Baker was connected to the EUM church through one of his disciples who is originally from Brookville, Alison Beck Castiglione. Castiglione lost her husband, Gregory Castiglione, to suicide on July 31, 2014. He served in Iraq from 2008 to 2009.
Greg Castiglione was from Brockway and was a volunteer firefighter with the Brockway Fire Department at 14 and a paramedic at 16. He enlisted in the army as early as possible, at age 17. He worked for the Brockway Ambulance Service.
He and Alison have two children, a son and a daughter.
The day Castiglione committed suicide, he was given the E6 rank. He was a Private in the 56th Stryker Brigade Combat Team 1/112, Charlie Company.
“Greg’s favorite vegetable was broccoli, he was Italian, he loved to dance. He always had a smile on his face. There were times when PTSD would bring him down or he would get angry, but that was part of PTSD and I was doing what I could to help. The VA (Veterans Affairs) fired him. The therapist told him “if you’re not going to just talk about the military and keep talking about fire and EMS, don’t come back.” He felt defeated and that was the last time he was going to speak to anyone,” Alison Castiglione said.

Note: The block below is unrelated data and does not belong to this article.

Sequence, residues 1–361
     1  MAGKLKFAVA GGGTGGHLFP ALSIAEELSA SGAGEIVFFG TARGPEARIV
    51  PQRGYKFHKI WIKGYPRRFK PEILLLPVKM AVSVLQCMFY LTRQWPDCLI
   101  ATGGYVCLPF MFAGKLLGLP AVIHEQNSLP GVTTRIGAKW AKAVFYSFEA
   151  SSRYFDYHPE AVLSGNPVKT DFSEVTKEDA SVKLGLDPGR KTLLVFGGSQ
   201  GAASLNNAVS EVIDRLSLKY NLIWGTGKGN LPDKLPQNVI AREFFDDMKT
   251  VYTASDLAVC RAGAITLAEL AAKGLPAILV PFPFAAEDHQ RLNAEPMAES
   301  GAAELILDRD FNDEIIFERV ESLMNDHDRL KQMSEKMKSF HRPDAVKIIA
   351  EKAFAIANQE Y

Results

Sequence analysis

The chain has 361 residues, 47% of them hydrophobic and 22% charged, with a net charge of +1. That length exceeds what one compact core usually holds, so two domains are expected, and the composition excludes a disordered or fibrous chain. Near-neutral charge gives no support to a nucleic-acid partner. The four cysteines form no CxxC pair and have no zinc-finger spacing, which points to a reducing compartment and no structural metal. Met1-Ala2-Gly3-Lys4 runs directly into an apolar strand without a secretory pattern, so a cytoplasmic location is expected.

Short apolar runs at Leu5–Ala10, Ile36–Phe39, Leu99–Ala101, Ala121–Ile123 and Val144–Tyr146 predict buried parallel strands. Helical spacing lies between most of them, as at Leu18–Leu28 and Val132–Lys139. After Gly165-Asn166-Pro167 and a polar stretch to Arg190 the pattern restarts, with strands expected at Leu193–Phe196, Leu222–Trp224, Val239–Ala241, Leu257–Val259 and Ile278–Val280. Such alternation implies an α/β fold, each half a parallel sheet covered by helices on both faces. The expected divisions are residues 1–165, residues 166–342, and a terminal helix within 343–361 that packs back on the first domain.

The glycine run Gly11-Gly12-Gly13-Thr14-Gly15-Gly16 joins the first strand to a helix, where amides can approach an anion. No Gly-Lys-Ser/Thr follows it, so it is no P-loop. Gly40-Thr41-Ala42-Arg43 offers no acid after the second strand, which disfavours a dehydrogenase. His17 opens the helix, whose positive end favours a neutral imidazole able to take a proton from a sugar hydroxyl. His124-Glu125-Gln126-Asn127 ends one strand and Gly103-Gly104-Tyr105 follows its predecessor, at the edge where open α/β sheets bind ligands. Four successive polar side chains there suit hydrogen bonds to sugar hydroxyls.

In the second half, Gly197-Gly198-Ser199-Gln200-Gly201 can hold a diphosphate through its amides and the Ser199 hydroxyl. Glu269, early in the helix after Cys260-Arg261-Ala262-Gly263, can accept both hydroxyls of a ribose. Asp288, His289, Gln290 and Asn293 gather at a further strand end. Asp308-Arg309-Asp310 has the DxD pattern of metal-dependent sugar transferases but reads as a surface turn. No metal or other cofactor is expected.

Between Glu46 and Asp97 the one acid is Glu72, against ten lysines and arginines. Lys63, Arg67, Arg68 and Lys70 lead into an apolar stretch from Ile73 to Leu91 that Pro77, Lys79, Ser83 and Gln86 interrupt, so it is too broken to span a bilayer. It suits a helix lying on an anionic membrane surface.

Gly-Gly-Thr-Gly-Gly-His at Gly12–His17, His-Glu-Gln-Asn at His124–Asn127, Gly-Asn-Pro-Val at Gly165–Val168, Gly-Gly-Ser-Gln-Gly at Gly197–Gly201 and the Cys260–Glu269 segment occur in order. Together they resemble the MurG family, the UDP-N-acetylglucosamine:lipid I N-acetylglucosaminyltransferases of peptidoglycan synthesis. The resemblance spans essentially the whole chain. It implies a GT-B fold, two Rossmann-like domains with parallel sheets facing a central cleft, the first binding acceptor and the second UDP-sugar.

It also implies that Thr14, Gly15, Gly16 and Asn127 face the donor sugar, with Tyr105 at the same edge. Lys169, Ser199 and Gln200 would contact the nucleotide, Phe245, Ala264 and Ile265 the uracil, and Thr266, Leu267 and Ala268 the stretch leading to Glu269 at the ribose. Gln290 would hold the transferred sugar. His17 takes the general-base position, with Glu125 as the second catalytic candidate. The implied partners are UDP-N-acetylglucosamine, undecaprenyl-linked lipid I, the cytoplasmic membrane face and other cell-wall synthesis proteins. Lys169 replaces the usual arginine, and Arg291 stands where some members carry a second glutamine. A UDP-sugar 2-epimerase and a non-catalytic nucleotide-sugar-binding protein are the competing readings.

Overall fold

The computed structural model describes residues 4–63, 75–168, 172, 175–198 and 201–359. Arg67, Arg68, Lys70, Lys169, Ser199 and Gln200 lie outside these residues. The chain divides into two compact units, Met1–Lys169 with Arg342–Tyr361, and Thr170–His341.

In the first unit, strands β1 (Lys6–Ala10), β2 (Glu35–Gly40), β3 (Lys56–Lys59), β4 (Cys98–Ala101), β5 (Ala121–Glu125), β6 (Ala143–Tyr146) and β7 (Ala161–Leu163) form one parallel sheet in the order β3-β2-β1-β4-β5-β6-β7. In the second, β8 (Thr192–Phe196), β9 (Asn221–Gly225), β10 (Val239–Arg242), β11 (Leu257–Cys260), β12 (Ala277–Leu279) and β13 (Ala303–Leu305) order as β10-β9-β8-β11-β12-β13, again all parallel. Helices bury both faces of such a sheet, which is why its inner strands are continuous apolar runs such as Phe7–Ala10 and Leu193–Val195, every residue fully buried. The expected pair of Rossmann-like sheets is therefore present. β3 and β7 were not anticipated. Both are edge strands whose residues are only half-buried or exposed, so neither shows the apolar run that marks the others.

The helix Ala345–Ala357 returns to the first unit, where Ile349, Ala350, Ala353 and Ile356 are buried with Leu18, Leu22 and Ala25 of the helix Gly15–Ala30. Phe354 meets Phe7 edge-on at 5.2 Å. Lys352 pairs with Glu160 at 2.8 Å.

Baker shared Alison and Greg Castiglione’s story on his page while he was in the area, and when he started walking again, it was in honor of Greg Castiglione. As he meets new people in the cities he visits, he will walk in honor of their loved ones who have died by suicide.